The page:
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Not a Failure, but a Different Ending

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Not a Failure, but a Different Ending

A different-than-expected ending is not necessarily a failure.

After reaching the top of Alaska’s Mt. McKinley in 2004, Wendy Booker set out to become the first person with multiple sclerosis (MS) to conquer The Seven Summits, and within four years managed to make it to the top of six — Kilimanjaro, Denali, Mt. Elbrus, Mt. Aconcagua, Mt. Vinson Massif, and Mt. Kosciuszko.

The mountaineer, adventurer, and explorer didn’t throw herself a pity party when her second attempt to climb Mt. Everest ended differently than she hoped. The 55 year-old mother of three sees only the positive in her latest adventure.

“My mission ended very differently than I had expected, but I did not fail. I have attempted Everest twice. I took multiple sclerosis to the highest it would allow me to go. I am not planning to return to Everest at this time. I am ready to take on my next mission.”

That next mission happens to be a journey to the North Pole. She hopes that the extreme endurance sport will highlight how people with MS need to dig in for the long haul and show that “we can endure and live a very long and interesting life despite the diagnosis.”

When I first began following Wendy’s activities, I was impressed. She is, after all, an unlikely candidate for such adventures. Then I began to feel strangely intimidated.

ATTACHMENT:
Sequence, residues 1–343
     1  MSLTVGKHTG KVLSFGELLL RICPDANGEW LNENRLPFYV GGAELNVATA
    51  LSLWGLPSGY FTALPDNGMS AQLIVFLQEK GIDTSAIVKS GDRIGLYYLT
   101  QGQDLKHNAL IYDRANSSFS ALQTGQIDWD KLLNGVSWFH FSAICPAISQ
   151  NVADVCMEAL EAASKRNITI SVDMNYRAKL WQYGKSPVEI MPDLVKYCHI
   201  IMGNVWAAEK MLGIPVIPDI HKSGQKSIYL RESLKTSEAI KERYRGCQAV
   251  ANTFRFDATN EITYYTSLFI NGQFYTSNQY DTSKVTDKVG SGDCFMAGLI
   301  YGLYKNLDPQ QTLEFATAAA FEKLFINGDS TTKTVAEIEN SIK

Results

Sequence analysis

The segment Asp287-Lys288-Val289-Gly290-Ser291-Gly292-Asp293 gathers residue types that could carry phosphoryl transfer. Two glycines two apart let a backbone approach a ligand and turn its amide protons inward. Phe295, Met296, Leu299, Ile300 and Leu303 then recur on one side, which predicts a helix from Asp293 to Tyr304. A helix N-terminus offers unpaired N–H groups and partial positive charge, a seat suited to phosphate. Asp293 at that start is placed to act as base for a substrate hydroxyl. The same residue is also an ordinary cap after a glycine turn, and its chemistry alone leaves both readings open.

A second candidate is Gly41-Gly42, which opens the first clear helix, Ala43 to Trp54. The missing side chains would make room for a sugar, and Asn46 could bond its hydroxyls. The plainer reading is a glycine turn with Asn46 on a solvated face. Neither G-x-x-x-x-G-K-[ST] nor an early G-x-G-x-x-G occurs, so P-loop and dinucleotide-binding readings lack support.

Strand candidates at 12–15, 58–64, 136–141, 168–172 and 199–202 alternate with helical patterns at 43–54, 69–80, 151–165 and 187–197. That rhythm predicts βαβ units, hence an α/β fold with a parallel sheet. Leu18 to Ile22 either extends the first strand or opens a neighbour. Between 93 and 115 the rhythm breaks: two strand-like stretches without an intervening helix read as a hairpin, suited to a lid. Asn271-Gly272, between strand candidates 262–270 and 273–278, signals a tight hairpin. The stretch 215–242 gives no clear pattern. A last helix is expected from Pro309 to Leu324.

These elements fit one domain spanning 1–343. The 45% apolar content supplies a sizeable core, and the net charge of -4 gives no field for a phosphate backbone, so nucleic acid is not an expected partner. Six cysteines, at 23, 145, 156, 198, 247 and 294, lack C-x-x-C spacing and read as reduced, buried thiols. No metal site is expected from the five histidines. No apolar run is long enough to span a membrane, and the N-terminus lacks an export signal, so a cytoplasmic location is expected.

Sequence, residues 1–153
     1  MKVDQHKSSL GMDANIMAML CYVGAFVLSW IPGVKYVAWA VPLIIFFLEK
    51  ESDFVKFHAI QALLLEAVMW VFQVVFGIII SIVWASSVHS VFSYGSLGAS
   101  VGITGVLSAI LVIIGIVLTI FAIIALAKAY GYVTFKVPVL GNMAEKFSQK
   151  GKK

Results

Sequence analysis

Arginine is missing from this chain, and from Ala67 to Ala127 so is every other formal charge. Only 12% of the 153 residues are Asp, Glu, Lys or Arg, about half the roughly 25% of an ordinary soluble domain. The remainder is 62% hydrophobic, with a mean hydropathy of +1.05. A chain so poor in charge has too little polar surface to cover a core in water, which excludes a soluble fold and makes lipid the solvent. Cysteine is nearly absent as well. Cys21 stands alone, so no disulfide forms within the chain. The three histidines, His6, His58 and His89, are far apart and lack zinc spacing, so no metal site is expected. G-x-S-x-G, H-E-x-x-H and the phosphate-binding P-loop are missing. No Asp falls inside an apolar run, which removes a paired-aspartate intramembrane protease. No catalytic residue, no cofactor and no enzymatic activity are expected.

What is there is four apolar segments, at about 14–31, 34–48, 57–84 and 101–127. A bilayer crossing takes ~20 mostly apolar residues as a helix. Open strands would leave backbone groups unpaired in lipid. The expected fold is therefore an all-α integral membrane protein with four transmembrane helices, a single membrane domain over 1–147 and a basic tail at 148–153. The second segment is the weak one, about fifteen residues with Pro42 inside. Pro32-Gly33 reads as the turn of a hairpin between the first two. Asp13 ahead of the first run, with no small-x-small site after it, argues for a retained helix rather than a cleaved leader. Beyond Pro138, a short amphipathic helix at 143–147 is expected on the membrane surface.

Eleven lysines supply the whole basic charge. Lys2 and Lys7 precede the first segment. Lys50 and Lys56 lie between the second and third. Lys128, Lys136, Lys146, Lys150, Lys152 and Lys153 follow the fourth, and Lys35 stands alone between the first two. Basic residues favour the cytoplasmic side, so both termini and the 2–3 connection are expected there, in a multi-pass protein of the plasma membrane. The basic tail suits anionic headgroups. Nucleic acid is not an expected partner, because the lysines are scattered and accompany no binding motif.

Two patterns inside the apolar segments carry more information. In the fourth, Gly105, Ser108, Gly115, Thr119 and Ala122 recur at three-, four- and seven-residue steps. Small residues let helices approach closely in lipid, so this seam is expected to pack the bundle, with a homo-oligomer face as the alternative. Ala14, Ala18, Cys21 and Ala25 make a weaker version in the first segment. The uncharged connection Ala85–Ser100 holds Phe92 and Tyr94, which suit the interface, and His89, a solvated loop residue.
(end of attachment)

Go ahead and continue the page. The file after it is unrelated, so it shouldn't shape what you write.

As a person living with MS, I cannot imagine surviving the rigorous training and physical exertion she endures. But I’m not Wendy. I never had the urge to climb a mountain before diagnosis, and I certainly have no desire to do so now. More importantly, I needed to remind myself not to make such comparisons.

MS is a highly variable disease, one that manifests itself in an endless array of symptoms. Some people are able to continue a very active lifestyle while others have more challenging symptoms, or a more progressive form of the disease.

I didn’t want people with MS, or any chronic illness for that matter, to read Wendy’s story and feel inadequate. We can’t all run marathons or climb mountains. So I asked Wendy if she worried about setting impossible expectations for other people with MS.

Next: What’s Your Mountain?

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Ann Pietrangelo

Ann Pietrangelo is the author of No More Secs! Living, Laughing & Loving Despite Multiple Sclerosis and Catch That Look: Living, Laughing & Loving Despite Triple-Negative Breast Cancer. She is a freelance writer and member of the American Society of Journalists and Authors. Follow on Twitter @AnnPietrangelo

38 comments

+ add your own
6:16PM PDT on Jun 16, 2014

Very inspiring...thanks for sharing.

6:51AM PDT on Jul 12, 2012

thank you

6:50AM PDT on Jul 12, 2012

thank you

11:41AM PDT on Nov 1, 2011

Here's to 'different endings'! And this is a timely reminder to those of us who are perfectly well, but just procrastinate - for whatever reason - to get out of our own way ... and get on!

8:47AM PDT on Jul 28, 2011

this is an inspiring story and one of courage

2:06PM PDT on Jul 15, 2011

Congratulations for your courage!

10:44PM PDT on Jun 28, 2010

A true story of inspiration. Thank you for sharing. Just goes to show perfection doesn't need to be everything.

10:02AM PDT on Jun 27, 2010

inspiring

10:34PM PDT on Jun 17, 2010

Fabulous article, thanks for sharing :) I really like that phrase 'not a failure, but a different ending', because it's so true! So many times in life when things don't go the way we wanted them to, we feel as if we have failed. But we shouldn't feel that way, because we should always remember that the Universe might have a totally different plan for us, and it is probably a much better plan than the one we had for ourselves!

8:31PM PDT on Jun 16, 2010

What a great article. Thanks for posting.

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